The Millersville University Robotics team found success at the 2022 Association of Technology, Management and Applied Engineering Robotics Competition by placing first overall for the fourth time at this competition. This is the first time any university has won this competition four times. The team also placed in the top three in all the competition’s scoring categories including first place overall (Stephen Harris Cup), first place in Electrical/Controls Design, and in Innovative Problem Solution, second place in Mechanical/Manufacturing Design and in Technical Communication Design and third place in People’s Choice.
Dr. John Haughery, assistant professor and program coordinator of Automation and Intelligent Robotics Engineering Technology, explains how important the team’s success is to the students and the University, “The success of the ‘Ville Robotics Team signifies hundreds of hours of student and faculty time over a 10 month stretch since March 2022. For students, the win is an exclamation point to long hours of designing, testing, troubleshooting, redesigning, retesting and more troubleshooting. In short, it is a barometer of how MU’s students stack up against those at universities around the U.S.”
The ATMAE Robotics Competition requires teams to design, develop and demonstrate a semi- or fully automated robotic system to perform a user-defined function. The robot was required to perform non-destructive and team-defined tasks. Throughout the competition, students were encouraged to push the boundaries of their abilities and innovation while creating the robot. For the competition, ‘Ville Robotics created A.L.i.E.N. 2.0, a fully-automated system that functioned as a self-driving car for highway travel.
Within the main goal of creating the robot, smaller competitions were held to evaluate the more intricate details of the design. The Electrical/Controls Design award consisted of the sophistication, innovation, robustness, craftsmanship and documentation of the electrical and computer-controlled technical elements of the robot including the sensors and code. The Problem/Solution Design Innovation award evaluated how the team defined their problem and solution, along with their solution’s viability, desirability and the overall design aesthetic. The main competition, Stephen Harris Cup, combined all the scores from the smaller competitions including electrical/controls design, mechanical/manufacturing design, technical communication design and innovative problem/solution.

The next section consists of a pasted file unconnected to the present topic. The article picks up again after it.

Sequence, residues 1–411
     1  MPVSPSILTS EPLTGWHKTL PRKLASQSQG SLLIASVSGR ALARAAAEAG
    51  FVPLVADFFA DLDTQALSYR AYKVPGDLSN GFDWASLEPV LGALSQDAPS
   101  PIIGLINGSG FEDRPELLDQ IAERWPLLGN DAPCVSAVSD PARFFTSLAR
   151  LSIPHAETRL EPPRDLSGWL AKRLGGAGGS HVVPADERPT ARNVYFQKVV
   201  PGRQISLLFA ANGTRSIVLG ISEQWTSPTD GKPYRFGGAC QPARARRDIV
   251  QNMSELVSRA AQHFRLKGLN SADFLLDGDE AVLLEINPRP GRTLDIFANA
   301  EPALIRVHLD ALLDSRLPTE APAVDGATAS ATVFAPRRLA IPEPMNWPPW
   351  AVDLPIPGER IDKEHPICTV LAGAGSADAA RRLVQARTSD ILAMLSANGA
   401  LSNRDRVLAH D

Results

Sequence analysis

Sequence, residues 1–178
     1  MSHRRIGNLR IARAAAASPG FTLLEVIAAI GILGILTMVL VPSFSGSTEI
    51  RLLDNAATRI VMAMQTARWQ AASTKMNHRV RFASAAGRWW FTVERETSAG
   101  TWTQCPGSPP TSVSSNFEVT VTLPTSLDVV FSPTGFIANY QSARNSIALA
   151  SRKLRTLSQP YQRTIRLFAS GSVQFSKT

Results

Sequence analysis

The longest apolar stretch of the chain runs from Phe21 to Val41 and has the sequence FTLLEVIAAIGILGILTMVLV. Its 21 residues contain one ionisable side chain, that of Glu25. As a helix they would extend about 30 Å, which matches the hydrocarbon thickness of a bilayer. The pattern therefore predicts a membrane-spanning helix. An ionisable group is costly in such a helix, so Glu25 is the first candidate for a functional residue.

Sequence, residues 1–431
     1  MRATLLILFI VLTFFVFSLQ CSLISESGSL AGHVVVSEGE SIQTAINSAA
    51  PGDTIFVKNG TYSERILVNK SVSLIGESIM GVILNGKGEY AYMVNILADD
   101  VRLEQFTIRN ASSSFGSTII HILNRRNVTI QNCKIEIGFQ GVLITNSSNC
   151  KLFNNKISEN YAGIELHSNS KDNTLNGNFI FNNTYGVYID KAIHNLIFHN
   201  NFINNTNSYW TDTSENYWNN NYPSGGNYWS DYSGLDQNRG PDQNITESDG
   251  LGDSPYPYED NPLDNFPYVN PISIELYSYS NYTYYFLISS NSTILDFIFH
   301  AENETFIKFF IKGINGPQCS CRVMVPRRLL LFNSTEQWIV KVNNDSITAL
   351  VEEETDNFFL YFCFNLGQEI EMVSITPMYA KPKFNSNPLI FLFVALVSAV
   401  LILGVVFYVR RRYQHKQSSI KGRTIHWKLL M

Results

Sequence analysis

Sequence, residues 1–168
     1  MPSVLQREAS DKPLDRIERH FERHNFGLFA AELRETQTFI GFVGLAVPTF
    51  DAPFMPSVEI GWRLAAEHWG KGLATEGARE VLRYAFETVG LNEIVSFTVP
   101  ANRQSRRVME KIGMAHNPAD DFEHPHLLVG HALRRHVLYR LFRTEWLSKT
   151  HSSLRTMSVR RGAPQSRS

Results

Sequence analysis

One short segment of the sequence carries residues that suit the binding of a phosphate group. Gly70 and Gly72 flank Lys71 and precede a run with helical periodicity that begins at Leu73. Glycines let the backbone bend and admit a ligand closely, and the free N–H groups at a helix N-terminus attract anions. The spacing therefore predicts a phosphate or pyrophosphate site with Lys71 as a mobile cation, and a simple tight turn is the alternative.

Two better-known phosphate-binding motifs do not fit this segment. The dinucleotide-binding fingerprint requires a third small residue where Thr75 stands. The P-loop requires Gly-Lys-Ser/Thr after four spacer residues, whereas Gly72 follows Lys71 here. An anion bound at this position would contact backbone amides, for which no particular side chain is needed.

Haughery notes that the team gained much experience from the competition, “Students gained real-world engineering experience through the design, development, innovation and communication process. It also allows students to experience what it is like to work towards a collective goal while operating under time and money constraints.”
A special thanks is made to ‘Ville Robotics’ sponsors: Millersville University of Pennsylvania’s Department of Applied Engineering, Safety & Technology, the Student Government Association, and the Office of Grants, Sponsored Programs, & Research for financial funding, as well as Phoenix Contact (for travel support) and Todd Echterling (for donating the wheelchair base)!
For more information on Millersville’s Department of Applied Engineering, Safety & Technology, click here.